Outside the United States
FTC Town Hall to Address Digital Rights Management Technologies - Event Takes Place Wednesday, March 25, 2009, in Seattle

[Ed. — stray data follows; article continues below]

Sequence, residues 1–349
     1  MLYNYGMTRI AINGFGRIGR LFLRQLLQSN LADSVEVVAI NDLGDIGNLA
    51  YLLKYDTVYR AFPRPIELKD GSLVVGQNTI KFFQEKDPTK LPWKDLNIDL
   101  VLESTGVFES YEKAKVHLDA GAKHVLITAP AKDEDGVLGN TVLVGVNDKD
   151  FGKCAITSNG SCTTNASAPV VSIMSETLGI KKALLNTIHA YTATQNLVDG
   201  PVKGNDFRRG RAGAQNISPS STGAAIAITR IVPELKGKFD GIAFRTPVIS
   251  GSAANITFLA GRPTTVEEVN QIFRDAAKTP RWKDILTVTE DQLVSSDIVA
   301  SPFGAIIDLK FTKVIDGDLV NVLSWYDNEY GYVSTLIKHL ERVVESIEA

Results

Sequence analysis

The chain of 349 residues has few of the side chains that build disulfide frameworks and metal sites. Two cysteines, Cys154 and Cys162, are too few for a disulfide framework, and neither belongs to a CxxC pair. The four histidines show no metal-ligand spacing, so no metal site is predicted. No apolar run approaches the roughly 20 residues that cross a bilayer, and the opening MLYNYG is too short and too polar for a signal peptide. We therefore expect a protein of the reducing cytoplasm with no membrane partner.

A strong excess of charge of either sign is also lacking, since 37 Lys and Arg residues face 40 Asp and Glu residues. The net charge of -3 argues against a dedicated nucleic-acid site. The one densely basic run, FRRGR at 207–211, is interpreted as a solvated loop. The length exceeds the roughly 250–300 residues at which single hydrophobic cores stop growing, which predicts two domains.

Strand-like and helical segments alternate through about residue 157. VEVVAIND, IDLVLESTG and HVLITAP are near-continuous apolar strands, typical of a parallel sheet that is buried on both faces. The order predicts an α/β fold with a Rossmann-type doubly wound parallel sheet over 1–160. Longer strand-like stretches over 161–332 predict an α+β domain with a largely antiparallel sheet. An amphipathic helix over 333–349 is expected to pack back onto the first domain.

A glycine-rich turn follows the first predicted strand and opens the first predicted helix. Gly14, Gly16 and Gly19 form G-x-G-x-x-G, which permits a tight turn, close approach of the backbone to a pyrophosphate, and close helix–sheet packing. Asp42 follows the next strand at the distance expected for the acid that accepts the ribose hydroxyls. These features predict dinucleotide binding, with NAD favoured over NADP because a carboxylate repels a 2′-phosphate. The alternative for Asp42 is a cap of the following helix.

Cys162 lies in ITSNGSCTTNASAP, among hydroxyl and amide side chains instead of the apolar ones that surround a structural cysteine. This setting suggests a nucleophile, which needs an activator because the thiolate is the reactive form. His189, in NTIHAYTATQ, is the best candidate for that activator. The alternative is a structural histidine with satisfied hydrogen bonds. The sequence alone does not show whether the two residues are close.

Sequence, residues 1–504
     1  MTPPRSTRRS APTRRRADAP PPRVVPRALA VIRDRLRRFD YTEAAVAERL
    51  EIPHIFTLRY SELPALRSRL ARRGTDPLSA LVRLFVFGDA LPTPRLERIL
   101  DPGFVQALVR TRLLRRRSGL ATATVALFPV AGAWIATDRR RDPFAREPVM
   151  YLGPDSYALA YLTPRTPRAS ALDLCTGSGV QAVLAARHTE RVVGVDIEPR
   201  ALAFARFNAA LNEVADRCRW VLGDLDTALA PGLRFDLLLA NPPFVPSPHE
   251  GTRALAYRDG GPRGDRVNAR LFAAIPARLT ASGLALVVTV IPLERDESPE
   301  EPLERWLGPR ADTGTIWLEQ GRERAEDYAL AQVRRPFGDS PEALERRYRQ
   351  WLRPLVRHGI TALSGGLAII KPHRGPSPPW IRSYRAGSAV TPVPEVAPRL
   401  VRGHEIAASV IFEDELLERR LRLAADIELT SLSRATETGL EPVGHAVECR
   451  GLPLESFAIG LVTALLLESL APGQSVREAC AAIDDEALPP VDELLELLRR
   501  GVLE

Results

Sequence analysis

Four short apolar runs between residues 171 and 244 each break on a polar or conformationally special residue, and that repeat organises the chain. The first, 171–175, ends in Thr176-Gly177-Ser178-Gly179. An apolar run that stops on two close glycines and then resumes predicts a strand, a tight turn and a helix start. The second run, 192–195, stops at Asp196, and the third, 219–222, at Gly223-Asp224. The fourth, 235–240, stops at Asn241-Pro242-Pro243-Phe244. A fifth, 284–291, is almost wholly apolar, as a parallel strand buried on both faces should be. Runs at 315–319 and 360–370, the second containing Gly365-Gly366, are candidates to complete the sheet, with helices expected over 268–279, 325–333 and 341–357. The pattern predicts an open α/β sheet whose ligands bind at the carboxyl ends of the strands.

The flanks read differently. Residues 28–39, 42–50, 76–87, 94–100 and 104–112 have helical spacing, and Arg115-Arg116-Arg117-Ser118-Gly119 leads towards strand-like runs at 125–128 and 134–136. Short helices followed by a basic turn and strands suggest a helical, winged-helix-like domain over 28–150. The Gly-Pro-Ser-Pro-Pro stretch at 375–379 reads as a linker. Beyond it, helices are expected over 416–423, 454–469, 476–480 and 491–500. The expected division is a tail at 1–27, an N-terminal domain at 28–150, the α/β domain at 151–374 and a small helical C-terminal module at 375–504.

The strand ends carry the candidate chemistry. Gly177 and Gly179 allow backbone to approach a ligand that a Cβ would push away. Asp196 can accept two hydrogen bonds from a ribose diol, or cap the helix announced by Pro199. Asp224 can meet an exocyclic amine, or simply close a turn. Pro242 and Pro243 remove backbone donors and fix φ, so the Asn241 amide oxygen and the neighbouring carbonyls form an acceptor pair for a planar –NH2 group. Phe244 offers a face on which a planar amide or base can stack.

Before anything else, I think I should say that I support the right of a person, whether an artist, entertainer, or programmer, to benefit and profit from their work, and towards that end I support DRM. But I do not support DRM at the cost of the consumer. There has been an increasing trend over the last several decades of stricter, and more draconian DRM tools put to use to "protect" copyrighted works from infringement. Most notably in the video game industry. These tools DO NOT WORK. The people around the world who circumvent these tools, these pieces of software, often enjoy the challenge. They do it as much for the entertainment of "beating" the company's DRM software as they do for the entertainment to be gained from playing the game or sharing it online with others. The only people hurt by DRM in its current incarnations, and the only people who WILL be hurt by DRM five years from now - assuming the trend continues - are and will be the legitimate consumers, who are presumed guilty until proven innocent in the eyes of the software companies. Among the most notable scandals relating to this issue has been StarForce. A DRM tool used by certain software companies to protect their products from copyright infringement. But it didn't really protect anything, as the so-called "pirates" who distributed copies of StarForce-protected software were able to cut out the StarForce software, like the cancer it proved to be. Instead, it hurt legitimate consumers, who purchased a piece of software legally and rightly expected to be able to freely use the software. Not only did it tie up system resources, and make their computer less efficient, it invaded their privacy and damaged their property. It scanned their active processes (what programs were running on their PC) and examined the files on their hard drive, searching for anything on their blacklist. If any such program or driver was installed on their PC, or if there was any trace in the registry of the blacklisted software having been on the computer, the StarForce protected software would refuse to run. If there was certain pieces of hardware in the PC, particular brands and models of CD or DVD writer, for example, the StarForce protection would prevent the legally purchased software from running. Sometimes it would even break the hardware, or drastically reduce its performance, by "flashing" the bios (updating the software inside the device which tells it how to work) with a version designed to cripple its function and cause it to wear itself out sooner. In no other industry are consumers, customers, treated this way. You do not walk into a store, and have a security guard frisk you every five minutes to see if you've stolen anything, or root through your belongings on your way out the door in search of stolen goods. You would not tolerate it. And yet there are industries and corporations that get away with it on a regular basis, because quite frankly there aren't many alternatives to their products. They treat ALL of their customers as thieves, invading their privacy and in some cases damaging their property, as mentioned above with StarForce. And for no apparent gain. Illegal copying and distribution of software continues unabated, as the recent release of the video game Spore has proven. (It received a form of DRM that required an online authentication, and allowed a limited number of installs, to prevent illegal copying. It is also billed as the single most illegally downloaded game of all time.) I am not saying that DRM should be removed entirely, or banned or outlawed. All I am saying is that the companies and industries that use it should be restricted from overstepping their bounds, in the name of protecting the rights of the consumer. A programmer should be allowed to protect their investment, but in a way that does not infringe on the consumer's privacy, damage their property, or otherwise limit their ability to enjoy full use of the product they legally purchased.